Millennials don't need cars? Their debt loads say otherwise

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Adults in their 20s, many of whom are shut out of the mortgage market, have emerged as a vital customer segment for auto lenders and, to a lesser extent, credit card issuers.

Car loans and credit cards accounted for 23% of all debt held by consumers ages 18 to 29 at the end of the third quarter, a larger percentage than for any other age group, according to a report released Friday by the Federal Reserve Bank of New York.

The report is consistent with some of the conventional wisdom about millennials’ financial lives, including the idea that many of them are unable to buy homes because of student debt burdens. But it throws cold water on other narratives, such as the idea that 20-somethings who came of age during or after the financial crisis of 2008-9 are debt-averse.

The report also undermines the notion that young adults who have flocked to urban areas do not need cars.

In total, Americans held $13.5 trillion in debt as of Sept. 30. After declining steadily in the years following the crisis, household debt has now increased in 17 straight quarters.

Adults ages 18 to 29 had $960 billion in debt at the end of the third quarter, which was only about one-third of the amount held by consumers in their 30s. But mortgages and home equity lines of credit accounted for more than 80% of the difference in total debt between the two age groups.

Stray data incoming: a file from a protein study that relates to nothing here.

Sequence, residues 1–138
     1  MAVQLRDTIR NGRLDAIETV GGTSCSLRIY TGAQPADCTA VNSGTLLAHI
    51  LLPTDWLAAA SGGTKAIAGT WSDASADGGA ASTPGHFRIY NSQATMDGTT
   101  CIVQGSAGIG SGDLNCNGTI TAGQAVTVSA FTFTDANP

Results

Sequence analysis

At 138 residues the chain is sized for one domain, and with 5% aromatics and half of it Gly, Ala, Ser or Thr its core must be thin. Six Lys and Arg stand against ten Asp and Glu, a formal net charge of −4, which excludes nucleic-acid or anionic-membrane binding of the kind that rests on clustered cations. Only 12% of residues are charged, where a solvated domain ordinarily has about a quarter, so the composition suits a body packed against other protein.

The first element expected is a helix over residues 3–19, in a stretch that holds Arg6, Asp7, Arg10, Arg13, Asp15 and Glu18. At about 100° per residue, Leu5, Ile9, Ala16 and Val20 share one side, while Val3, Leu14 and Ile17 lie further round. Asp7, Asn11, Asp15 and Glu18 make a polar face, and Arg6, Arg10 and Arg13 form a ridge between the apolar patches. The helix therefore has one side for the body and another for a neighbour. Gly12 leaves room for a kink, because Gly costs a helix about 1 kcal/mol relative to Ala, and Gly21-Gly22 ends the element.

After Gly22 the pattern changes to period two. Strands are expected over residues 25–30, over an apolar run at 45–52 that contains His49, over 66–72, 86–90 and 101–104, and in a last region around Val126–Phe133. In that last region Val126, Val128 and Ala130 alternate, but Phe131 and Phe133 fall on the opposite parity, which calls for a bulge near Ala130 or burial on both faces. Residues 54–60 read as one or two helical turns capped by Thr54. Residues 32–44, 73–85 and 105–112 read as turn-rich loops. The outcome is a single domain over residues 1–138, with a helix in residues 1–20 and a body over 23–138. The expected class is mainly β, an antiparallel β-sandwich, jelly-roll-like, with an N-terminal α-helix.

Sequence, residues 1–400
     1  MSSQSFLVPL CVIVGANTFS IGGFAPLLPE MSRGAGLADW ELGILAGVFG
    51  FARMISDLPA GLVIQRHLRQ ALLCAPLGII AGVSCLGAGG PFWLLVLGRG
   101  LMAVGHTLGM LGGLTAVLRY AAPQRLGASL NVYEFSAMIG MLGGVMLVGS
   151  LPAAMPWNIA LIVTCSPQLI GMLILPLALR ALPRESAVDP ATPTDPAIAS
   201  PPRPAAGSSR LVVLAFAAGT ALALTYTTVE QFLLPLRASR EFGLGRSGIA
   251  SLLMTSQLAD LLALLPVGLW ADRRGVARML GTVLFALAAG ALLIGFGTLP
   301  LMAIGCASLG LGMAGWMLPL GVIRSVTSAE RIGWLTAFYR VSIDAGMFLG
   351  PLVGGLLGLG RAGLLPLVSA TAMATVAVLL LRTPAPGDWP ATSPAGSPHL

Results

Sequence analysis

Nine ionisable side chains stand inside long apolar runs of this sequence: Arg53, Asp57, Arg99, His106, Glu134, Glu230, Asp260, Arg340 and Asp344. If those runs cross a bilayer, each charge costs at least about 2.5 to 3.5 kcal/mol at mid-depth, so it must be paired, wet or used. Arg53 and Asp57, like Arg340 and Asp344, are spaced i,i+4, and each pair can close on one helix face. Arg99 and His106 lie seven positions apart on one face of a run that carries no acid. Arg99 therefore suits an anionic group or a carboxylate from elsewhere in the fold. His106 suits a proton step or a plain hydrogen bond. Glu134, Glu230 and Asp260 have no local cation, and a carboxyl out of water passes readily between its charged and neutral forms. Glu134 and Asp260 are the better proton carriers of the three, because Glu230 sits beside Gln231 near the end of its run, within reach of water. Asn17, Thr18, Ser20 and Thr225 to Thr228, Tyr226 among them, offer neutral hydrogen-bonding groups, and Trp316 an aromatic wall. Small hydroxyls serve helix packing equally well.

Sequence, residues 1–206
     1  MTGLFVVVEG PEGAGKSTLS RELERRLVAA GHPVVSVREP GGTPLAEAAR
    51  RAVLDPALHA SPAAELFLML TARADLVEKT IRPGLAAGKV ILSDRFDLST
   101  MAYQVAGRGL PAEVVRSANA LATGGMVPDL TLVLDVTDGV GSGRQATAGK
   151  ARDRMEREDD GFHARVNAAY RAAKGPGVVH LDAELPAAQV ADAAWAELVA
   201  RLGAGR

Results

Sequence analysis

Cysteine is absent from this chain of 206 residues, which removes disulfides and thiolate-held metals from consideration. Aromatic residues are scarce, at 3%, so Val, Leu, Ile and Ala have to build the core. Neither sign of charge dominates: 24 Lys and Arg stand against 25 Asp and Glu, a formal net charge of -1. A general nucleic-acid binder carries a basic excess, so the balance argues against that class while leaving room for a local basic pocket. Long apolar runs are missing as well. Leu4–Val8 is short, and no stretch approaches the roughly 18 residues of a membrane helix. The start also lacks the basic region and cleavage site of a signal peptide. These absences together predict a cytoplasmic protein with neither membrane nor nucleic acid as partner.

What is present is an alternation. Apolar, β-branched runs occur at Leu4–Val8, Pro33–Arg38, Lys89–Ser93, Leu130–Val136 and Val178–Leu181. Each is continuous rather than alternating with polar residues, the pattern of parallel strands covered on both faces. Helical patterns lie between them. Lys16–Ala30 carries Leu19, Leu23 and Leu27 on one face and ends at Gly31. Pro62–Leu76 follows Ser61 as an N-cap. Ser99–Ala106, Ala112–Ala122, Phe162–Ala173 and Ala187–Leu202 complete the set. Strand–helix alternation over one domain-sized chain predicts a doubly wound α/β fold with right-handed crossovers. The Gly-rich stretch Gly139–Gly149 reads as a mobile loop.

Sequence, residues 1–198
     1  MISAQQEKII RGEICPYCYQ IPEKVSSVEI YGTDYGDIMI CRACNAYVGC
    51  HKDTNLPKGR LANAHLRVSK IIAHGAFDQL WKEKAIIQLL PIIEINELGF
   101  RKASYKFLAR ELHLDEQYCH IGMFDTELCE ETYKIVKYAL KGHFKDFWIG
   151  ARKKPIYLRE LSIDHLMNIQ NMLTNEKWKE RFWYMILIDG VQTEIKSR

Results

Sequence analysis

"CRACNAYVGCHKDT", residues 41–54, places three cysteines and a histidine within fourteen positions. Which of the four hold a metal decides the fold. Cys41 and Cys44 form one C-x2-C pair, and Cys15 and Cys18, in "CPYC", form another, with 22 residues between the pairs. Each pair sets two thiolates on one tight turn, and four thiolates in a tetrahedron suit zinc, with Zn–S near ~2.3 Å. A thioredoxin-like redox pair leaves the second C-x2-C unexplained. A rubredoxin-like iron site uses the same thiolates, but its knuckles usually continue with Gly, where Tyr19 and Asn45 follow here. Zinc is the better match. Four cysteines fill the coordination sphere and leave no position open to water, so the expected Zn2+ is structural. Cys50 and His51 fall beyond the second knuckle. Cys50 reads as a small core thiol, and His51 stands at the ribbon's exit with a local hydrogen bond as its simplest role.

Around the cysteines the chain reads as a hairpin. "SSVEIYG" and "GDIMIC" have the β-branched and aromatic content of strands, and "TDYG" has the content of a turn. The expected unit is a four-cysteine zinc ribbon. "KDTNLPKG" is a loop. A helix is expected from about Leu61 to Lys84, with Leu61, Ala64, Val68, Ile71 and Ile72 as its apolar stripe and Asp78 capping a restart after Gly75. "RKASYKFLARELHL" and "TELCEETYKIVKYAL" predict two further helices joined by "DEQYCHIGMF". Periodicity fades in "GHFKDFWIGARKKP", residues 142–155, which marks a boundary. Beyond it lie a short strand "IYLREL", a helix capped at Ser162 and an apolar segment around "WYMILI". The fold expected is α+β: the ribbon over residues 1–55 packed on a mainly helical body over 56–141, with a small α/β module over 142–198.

Consumers in the youngest age bracket held $580 billion in car loans and student and credit card debt, which compared with $900 billion for those between the ages of 30 and 39, and $780 billion for consumers ages 40 to 49.

Those in the youngest age bracket now account for 13% of all auto loan debt outstanding in the U.S., the report found. That was roughly on par with consumers in their 60s, and only about one-third below the amounts held by folks in their 30s, 40s and 50s.

Home purchases, though, remain out of reach for many young adults as housing prices have soared in some parts of the country and qualifying for a mortgage remains difficult.

"Tighter mortgage underwriting during the years following the Great Recession has limited mortgage borrowing by younger and less creditworthy borrowers,” economists at the New York Fed wrote in a blog post published Friday. “Meanwhile, student loan balances and participation rose dramatically and credit standards loosened for auto loans and credit cards.”

The data suggests that it will be much harder for 18-to 29-year-olds to accumulate wealth than it was for older generations, which typically relied on home equity in order to build a nest egg. Rising interest rates are now adding to costs for first-time homebuyers.

The report released Friday also shows that the youngest borrowers present significantly bigger default risks for auto and credit card lenders than their older peers.

During the third quarter, 4.18% of all auto loan balances held by consumers ages 18 to 29 became 90 days or more delinquent, compared with 2.66% for consumers between the ages of 30 and 39.

And 7.52% of credit card balances held by the youngest age group became 90 days or more delinquent, compared with 6.0% for those in their 30s.

Those numbers represent a reversion to the situation before the financial crisis, when the youngest borrowers presented the biggest risks. The rates of serious delinquency on auto and credit card loans converged for different age brackets between 2009 and 2012, but in the last few years the youngest borrowers have again represented the biggest risks.

“Older borrowers have longer credit histories with more borrowing experience, as well as higher and typically steadier incomes; thus they often have higher credit scores and are safer bets for lenders,” the New York Fed's blog post stated.

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